Carmen: The character in the movie who personifies what you are describing, this mentor person, is Alfie. I love that character. For my listeners, it’s not a spoiler to tell you this is a very powerful and yet humble African American woman who’s a nurse. She is totally available, completely tender, and faithful and kind and wise. And, Lee, I was reminded as I was watching. I was reminded of a very similar character who appears in the War Room, a very similar character who appears in the movie The Shack. God has his witnesses in our culture. And we seem as a culture to be very open to strong African American women of faith. So, I know that I’ve got some women like that who are listening right now. I want you to issue them an invitation that they would not be hesitant to speak into the life of a white family in the way Alfie spoke into yours.
Lee Strobel: Oh man, you know, Alfie, and I’m using the name from the movie, made all the difference in our life, in our marriage, in our eternities, the way God used her to speak into our lives to mentor Leslie. To lead her to faith first of all and then to mentor her and to encourage her, to cheerlead her, to help her grow spiritually. Even though I lashed out at her at one point trying to get her to back off because I didn’t want Leslie to be sucked into this Christian subculture where I wasn’t welcome as an atheist. Nevertheless, it was Alfie’s influence that gave Leslie the courage to invite me to come to church, which I ultimately did and heard the gospel for the first time, understood it for the first time, launched my spiritual investigation, and not only came to faith, but in God’s great sense of humor ended up on the staff of that very church.
Carmen: I know. I love it. I love how comprehensive your personal story is. And, folks, we’re talking with Lee Strobel. You can get information about the movie online at CaseForChristMovie.pureflix.com. But you can also follow Lee on Twitter at Lee Strobel. Lee, you and I have a mutual friend. He makes an appearance not only in the film, but, you know, he’s a character in your own investigative experience and his name’s Dr. Alex Metherell.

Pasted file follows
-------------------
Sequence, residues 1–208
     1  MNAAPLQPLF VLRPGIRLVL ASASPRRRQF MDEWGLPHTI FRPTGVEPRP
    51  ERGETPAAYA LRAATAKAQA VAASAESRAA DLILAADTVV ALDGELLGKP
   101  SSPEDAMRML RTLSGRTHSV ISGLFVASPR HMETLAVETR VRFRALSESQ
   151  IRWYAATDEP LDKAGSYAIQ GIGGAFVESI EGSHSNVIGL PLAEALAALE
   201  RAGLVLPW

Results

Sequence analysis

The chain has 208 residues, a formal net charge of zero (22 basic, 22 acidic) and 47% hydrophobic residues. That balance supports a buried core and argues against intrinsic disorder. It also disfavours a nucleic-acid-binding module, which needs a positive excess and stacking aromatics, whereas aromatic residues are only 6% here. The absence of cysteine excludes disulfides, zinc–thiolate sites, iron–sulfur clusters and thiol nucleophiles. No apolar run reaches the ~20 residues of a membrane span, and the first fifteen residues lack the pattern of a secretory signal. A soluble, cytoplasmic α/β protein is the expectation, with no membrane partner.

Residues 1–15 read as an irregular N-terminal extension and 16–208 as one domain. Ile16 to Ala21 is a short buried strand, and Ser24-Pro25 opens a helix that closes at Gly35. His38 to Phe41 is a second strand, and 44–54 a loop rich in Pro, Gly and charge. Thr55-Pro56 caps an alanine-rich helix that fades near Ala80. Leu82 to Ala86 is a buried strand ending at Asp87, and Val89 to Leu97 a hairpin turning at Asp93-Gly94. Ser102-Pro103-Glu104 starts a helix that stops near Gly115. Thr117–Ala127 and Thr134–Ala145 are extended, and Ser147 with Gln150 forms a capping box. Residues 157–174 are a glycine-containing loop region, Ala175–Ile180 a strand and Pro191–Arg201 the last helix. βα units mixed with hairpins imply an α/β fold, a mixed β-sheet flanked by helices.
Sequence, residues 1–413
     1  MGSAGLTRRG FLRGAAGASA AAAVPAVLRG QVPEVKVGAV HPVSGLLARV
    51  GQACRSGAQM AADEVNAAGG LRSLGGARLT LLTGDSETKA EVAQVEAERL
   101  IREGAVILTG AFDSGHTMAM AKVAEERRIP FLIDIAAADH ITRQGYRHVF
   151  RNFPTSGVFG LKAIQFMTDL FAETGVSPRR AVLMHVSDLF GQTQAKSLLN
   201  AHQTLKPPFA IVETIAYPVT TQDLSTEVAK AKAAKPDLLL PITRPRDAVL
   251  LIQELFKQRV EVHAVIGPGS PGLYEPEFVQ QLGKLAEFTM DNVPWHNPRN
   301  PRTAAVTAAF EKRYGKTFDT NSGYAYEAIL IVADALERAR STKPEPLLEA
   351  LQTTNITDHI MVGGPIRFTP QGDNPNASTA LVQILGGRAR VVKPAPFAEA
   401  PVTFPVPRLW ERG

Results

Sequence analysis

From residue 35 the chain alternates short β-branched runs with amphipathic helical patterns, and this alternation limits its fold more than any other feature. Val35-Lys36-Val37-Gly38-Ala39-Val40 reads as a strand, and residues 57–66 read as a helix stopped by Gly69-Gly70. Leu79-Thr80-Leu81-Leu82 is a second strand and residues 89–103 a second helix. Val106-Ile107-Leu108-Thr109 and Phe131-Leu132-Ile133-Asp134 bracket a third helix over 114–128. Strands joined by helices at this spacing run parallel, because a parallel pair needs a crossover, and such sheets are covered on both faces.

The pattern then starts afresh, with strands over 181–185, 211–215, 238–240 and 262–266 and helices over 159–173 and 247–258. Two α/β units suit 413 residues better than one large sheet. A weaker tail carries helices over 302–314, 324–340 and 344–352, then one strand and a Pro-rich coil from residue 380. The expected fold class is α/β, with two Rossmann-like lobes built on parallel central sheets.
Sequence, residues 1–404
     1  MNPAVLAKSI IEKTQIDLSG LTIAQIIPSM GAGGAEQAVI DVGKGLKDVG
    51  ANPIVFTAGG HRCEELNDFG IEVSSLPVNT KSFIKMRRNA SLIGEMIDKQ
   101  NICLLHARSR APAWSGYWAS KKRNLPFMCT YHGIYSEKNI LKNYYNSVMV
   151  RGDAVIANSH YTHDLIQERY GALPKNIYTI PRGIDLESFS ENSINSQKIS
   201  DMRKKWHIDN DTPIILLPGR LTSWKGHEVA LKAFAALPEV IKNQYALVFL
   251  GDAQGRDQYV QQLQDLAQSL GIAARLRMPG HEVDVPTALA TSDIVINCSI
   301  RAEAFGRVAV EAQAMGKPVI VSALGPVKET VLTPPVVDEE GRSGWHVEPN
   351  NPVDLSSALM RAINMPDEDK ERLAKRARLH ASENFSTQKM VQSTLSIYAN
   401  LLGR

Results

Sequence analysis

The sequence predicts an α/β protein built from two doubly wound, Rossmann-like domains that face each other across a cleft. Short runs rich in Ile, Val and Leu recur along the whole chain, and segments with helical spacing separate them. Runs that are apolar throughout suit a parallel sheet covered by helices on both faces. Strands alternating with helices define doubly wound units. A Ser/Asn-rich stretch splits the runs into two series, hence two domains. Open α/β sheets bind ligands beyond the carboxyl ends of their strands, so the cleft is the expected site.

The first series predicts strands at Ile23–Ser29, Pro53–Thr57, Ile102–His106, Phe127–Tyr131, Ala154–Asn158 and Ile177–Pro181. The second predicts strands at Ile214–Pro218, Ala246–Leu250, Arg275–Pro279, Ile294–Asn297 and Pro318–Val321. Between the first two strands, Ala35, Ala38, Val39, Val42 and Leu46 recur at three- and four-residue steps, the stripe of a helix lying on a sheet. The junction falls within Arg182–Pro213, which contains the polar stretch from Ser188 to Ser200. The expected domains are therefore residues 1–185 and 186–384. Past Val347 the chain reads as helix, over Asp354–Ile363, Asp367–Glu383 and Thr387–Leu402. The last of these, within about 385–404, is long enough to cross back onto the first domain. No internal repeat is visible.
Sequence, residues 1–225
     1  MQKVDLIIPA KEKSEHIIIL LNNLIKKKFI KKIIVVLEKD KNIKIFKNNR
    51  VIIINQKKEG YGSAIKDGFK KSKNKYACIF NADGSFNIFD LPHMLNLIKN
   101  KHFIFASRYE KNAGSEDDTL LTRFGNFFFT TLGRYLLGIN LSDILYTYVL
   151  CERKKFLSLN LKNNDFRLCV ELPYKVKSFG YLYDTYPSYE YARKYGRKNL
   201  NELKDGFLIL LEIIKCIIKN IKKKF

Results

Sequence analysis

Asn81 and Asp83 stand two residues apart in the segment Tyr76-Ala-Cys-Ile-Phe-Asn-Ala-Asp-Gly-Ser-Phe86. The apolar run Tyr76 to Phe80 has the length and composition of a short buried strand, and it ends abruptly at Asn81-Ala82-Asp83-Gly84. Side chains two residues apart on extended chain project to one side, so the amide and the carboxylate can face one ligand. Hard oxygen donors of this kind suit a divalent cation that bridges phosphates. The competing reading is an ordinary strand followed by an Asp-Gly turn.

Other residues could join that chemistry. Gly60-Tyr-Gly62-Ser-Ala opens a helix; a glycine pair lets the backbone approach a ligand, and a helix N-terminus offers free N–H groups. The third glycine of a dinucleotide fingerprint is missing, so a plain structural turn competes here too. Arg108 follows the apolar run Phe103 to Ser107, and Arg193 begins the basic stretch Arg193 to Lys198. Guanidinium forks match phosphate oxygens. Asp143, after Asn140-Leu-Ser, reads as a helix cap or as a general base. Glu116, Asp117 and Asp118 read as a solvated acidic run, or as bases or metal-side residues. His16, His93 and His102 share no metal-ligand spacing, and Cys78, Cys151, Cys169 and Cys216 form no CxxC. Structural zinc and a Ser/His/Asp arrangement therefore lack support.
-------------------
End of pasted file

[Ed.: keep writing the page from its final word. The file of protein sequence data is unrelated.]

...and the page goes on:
Lee Strobel: Right.
Carmen: Talk with us about how did your conversation with Alex ultimately kind of seal the deal? It seems to me, this will be my interpretation of where you were at in your process at the time. It seems to me that in your conversation with Alex you go from asking the investigative questions of “What?” “Who?” “Where?” “When?” and “How?” to a really different question and that question is “Why?” “Why would Jesus have done this?” Do I have that? Am I interpreting that correctly? And if so just talk about that.
Lee Strobel: Well, you know, Alex Metherell is a great expert on the crucifixion of Jesus and he’s a medical doctor, also has a PhD in engineering and is a great, godly man, as they say, mutual friend who I admire so much and who was portrayed in the movie by a terrific character actor who I think really gives him his due as a winsome person and a loving person and a kind person, not just a brilliant person. But, you know, the resurrection, you know, you have to establish was Jesus was dead before you can believe that there may or may not have been a resurrection. That issue, I think, is resolved. Dr. Metherell, when I interviewed him for my book, The Case for Christ, really spelled out the details of what Jesus endured during the crucifixion and established that there’s no way that He survived.